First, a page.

However under s.1605(2)(a) there are three alternative conditions for the lifting of immunity: (i) the action arises out of commercial activity in the US, or (ii) the action arises out of an act in the US in connection with commercial activity elsewhere, or (iii) the action arises out of an act outside the US in connection with commercial activity elsewhere  and the act causes a direct effect in the US. In many cases against international organisations based in the US these criteria will not be satisfied and this may prove to be the case with the further hearings in the instant case.

A fair cop? Transnational torts and trouble at the mine.

 

Kalma v African Minerals Ltd and others [2018] EWHC 3506 (QB) is an interesting recent decision involving transnational tort claims against a UK company in respect of events at and around its mine in Sierra Leone. It is, I believe, the first of these type of claims brought by London solicitors, Leigh Day, to go to trial.

 

The claims arose out of violent police suppression of protests in 2010 and 2012 by a local community in Sierra Leone against a mine created and operated by the defendant, a UK company, and its two Sierra Leonean subsidiaries. The protests prompted a significant overreaction from some members of the Sierra Leone Police (“SLP”) whose response to disruptive protests and threats against the personnel, property and business of AML soon degenerated into violent chaos during the course of which many villagers were variously beaten, shot, gassed, robbed, sexually assaulted, squalidly incarcerated and, in one case, killed.

 

The claimants alleged that they were among the victims of these abuses and contend that, although the SLP perpetrated the worst of these excesses, the defendants were nevertheless liable to compensate them by the application of a broad range of distinct common law remedies to the facts of this case.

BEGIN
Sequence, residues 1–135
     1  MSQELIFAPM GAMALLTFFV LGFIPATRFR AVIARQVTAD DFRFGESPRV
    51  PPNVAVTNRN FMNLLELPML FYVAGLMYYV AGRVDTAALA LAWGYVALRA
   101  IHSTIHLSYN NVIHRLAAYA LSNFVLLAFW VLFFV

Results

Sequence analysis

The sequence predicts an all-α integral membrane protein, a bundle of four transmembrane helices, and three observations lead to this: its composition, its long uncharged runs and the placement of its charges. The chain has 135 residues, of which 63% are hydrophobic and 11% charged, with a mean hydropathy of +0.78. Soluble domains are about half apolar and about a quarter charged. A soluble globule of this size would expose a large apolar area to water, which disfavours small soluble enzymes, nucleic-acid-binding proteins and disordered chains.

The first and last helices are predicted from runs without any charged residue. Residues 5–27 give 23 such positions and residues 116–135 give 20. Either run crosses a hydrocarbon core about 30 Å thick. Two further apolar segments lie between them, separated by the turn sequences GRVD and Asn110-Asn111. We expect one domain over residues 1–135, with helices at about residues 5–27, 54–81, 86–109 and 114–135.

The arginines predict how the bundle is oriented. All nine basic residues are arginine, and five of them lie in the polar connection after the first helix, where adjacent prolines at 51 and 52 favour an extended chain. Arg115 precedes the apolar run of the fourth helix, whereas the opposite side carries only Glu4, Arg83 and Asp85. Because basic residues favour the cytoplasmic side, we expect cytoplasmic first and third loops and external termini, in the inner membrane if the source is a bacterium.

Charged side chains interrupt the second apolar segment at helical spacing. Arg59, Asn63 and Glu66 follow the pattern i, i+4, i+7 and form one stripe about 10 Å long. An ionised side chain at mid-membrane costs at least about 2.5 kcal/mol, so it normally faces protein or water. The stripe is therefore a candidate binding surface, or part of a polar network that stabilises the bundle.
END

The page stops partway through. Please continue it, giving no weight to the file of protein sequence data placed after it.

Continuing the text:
It was accepted that the law of Sierra Leone applied to the issues both of liability and quantum. In respect of liability, it was agreed that the law of Sierra Leone could be treated, for all practical purposes, as being identical to that of England and Wales. Turner J dismissed the claims having considered seven possible grounds on which the defendants might incur liability for the acts of the Sierra Leone police towards the claimants.

 

  1. EMPLOYEE VICARIOUS LIABILITY

 

It was alleged, for example, that one employee of the defendant directly and violently assaulted some of the claimants and that others encouraged members of the SLP to use excessive force. Two criteria are involved.

(i)    as regards the sort of relationship which must be found to exist between an individual and a defendant before the defendant can be found to be vicariously liable in tort for the conduct of that individual; That was clearly satisfied here as the individuals concerned were employees

(ii)    as regards concerns the scope of the conduct of such an individual in respect of which vicarious liability is to be imposed on the defendant.